** **It
is a** **shame that Andrew Wiles spent so many of the prime years of
his life following such a difficult path to proving Fermat's Last Theorem,
when there exists a much shorter and easier proof. Indeed, this concise,
elegant alternative, reproduced below, is almost certainly the one that
Fermat himself referred to in the margin of his copy*****
of Bachet's translation of Diophantus's Arithmetica--how arrogant of future
chroniclers of mathematical history to insinuate that the garlicky Gallic
genius was incapable of formulating the crucial insight! Why, a child
can follow the logic below...however, for the benefit of those readers
who are no longer children, a short set of notes fleshing out the argument
is provided after the proof.

**The Theorem: **xª
+ yª =
zª has no positive
integer solutions (x, y, z, a) for a > 2. (Pierre
De Fermat, 1601-1665)

**The Proof:**

I) At least one of the following two sentences is true.

II) The preceding sentence is false.

III) xª + yª = zª has no positive integer solutions (x, y, z, a) for a > 2.

Q.E.D.
**The Notes:**

**A. Statement I is either
true or false.**
**B. Assume I is true.
Then so is either II or III. But II is false, as it denies the truth
of I. Hence III must be the true statement
of the two.**
**C. Assume I is false.
Then both II and III must not
be true. But II agrees that I is false, so II is
true. This is a contradiction.**
**D. Since assuming I is false
leads to a contradiction, I is true.**
**E. Since I is true,
so
is III (see note B.) Thus
III, Fermat's Last
Theorem, must hold.**

**The Aftermath:**

** **It goes
without saying that the system employed above is capable of great generalization.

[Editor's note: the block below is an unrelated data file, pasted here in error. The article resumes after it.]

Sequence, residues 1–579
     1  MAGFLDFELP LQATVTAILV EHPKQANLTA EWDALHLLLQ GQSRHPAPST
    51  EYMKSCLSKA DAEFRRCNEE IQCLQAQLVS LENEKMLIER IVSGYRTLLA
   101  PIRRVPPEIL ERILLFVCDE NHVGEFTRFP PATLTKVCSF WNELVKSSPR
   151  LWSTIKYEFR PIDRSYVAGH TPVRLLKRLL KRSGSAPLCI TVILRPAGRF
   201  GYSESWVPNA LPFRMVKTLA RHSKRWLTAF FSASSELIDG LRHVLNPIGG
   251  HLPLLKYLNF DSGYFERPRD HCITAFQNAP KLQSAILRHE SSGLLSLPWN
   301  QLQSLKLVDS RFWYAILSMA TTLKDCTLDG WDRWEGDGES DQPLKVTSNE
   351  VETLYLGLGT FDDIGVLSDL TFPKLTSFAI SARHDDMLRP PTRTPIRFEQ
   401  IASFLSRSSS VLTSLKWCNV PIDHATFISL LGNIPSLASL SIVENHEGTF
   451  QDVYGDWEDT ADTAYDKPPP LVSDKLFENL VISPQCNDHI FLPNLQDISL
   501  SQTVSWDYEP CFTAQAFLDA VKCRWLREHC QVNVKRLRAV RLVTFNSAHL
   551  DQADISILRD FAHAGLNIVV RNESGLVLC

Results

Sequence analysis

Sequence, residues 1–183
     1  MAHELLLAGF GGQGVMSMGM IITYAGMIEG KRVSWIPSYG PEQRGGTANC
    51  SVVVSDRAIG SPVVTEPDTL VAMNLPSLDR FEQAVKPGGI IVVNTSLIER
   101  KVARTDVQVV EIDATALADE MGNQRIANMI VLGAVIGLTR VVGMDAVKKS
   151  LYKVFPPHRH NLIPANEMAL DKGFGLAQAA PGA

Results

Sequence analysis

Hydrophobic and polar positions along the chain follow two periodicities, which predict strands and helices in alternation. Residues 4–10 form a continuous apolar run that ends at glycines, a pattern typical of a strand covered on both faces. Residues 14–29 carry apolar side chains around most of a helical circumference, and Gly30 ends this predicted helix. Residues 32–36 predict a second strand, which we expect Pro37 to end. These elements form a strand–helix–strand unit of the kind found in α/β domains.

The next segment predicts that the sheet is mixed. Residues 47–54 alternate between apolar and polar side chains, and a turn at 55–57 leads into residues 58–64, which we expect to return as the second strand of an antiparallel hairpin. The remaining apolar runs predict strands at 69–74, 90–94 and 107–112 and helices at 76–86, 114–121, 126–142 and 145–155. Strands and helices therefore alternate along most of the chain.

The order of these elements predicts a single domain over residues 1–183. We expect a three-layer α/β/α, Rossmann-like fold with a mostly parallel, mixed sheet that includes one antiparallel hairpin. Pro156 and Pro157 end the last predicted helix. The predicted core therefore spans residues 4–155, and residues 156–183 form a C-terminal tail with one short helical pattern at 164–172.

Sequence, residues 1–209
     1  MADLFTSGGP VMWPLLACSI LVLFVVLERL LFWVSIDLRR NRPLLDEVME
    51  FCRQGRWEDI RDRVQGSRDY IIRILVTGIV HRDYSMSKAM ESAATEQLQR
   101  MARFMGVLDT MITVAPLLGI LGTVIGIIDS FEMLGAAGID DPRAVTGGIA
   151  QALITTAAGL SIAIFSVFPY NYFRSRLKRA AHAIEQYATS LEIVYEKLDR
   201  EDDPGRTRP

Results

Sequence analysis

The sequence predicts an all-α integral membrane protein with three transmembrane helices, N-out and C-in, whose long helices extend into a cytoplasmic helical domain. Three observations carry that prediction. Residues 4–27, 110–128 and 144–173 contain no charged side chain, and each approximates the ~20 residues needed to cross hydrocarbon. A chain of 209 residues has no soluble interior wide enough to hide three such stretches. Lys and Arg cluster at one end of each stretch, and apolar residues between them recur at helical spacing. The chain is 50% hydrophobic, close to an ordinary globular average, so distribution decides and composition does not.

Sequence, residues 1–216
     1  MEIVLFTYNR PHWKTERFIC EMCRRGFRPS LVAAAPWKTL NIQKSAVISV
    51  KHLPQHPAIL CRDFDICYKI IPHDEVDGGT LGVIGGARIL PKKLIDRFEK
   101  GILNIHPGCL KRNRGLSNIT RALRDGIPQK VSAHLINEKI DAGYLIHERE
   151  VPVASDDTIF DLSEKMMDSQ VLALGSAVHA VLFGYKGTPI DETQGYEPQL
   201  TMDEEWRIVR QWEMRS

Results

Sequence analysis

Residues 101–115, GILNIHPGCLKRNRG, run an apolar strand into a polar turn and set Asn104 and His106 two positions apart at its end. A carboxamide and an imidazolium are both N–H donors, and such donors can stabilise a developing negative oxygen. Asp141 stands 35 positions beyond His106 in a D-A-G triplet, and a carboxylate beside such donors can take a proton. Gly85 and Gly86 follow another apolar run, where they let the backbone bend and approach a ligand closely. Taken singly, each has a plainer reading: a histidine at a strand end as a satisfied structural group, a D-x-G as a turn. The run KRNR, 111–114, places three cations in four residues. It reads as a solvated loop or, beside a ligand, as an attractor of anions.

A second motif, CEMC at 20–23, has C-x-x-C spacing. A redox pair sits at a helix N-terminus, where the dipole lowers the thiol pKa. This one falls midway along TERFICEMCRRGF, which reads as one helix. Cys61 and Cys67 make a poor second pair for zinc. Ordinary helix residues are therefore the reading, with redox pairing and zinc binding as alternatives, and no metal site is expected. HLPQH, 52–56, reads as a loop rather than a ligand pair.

But mathematicians are a stubborn lot, and, despite the efficiency and
aesthetic appeal of the approach, legions of haunted, driven men and women
will continue to pursue arcane mathematical truths by means of tortuous,
convoluted, labyrinthine arguments--and that's OK, because it keeps them
busy and off the streets, where their generally preoccupied state dramatically
increases their probability of being killed by drivers using cell-phones.

But even I have
to admit that an over-used method is a life-essence-draining method, and
have proceeded from proofs utilizing the algorithm above to even
more startling applications of easily-overlooked syllogistic constructions.
In fact, I have discovered a truly remarkable proof of Goldbach's conjecture
which this web page is too small to contain...

** ***Note:

Some historians have claimed that the copy in question originally belonged
to Pierre's twin sister, Polly, and have advanced the dubious theory that
she scrawled the marginalia as a joke on her admittedly somewhat pompous
brother, whom she outperformed in math up until 7th grade, when she discovered
garcons. Although one chemical analysis does support the possibility
that the message was written with an eyebrow pencil, skepticism is advised.
Polly Fermat did, however, strike an early blow for feminism when she refused
to change her last name upon marrying her childhood sweetheart, Jean-Jacques
Nomial.